15 reasons to read comics

I had a long discussion with Not a Lost Wanderer inspired by Neil Gaiman’s lecture.

She wrote one very sad thing:

My mom once said to my little sister (kind of push her, to be honest) that she would really love to see her reading books that related to her school than see her reading comics. Guess what? She didn’t read comics now, she even said she doesn’t like to read for pleasure anymore!

Obviously, banning a person from reading what she/he likes can destroy the pleasure of reading other things or reading at all. I dislike such attitude.

I was reading comic books when I was child, teen and I’m still reading them, as an adult. I was always reading books too.  I wanted to support reading comics so I’ll write my own thoughts and from my own experience, because the scientific backup can be easily found in the internet. You just have to look for “benefits of reading comics” in your favourite search engine.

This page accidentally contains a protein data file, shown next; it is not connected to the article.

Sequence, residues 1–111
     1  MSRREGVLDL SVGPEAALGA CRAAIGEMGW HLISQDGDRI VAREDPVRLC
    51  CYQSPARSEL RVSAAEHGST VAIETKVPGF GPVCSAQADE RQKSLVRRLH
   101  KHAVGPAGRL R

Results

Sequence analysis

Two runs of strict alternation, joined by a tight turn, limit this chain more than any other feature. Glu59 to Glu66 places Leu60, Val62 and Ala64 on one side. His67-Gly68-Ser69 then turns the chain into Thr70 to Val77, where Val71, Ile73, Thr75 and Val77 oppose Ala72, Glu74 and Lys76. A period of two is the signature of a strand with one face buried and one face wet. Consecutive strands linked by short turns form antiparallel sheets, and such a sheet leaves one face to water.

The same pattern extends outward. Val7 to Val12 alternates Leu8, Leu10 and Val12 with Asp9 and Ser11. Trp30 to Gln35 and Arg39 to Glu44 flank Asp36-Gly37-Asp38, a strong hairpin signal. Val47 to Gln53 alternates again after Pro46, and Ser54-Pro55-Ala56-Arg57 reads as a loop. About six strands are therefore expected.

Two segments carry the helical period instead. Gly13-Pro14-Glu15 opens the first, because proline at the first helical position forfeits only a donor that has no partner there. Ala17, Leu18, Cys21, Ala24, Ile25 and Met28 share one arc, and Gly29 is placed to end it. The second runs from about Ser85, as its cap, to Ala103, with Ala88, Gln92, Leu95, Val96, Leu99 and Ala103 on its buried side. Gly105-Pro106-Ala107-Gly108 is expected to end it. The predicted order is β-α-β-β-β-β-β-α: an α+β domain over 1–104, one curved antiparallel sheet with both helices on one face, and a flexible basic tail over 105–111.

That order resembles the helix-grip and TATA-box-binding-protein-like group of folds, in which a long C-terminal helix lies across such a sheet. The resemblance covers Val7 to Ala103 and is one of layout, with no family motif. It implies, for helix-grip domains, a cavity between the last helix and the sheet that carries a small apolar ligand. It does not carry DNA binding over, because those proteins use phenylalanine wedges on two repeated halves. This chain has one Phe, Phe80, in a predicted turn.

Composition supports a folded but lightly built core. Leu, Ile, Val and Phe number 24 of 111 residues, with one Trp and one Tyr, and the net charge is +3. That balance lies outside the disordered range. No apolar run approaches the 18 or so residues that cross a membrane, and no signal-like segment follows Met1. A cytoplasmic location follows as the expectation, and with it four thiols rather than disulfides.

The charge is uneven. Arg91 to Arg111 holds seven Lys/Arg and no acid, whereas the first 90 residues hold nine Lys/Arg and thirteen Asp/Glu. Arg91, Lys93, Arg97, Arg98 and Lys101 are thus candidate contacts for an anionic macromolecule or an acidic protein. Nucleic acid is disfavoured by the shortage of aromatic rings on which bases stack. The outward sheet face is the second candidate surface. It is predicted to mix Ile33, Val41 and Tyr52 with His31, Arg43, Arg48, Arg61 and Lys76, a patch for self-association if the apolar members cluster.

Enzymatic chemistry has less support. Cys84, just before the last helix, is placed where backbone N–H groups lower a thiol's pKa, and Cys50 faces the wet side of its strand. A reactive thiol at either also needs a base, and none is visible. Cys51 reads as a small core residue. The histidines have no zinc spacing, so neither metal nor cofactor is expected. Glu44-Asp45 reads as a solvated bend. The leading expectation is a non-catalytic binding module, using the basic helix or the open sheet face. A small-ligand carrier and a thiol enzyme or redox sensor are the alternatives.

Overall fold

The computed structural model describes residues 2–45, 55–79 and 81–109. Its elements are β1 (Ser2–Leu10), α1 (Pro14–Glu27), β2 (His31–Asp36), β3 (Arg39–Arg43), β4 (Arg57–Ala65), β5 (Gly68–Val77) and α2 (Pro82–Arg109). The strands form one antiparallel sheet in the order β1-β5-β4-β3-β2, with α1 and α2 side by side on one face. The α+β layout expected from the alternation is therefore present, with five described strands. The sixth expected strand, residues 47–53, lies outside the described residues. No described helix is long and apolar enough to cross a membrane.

Continue reading to see what are my 15 reasons to read comics.

1. Parents reading books to children is an important way of spending time together. It can also help develop the love for reading in the future. But… A child can read a comic without words, alone. Now, that’s an accomplishment and possibly can give them the pleasure of reading, spending the time alone with a book. Of course, comics without words aren’t only for children.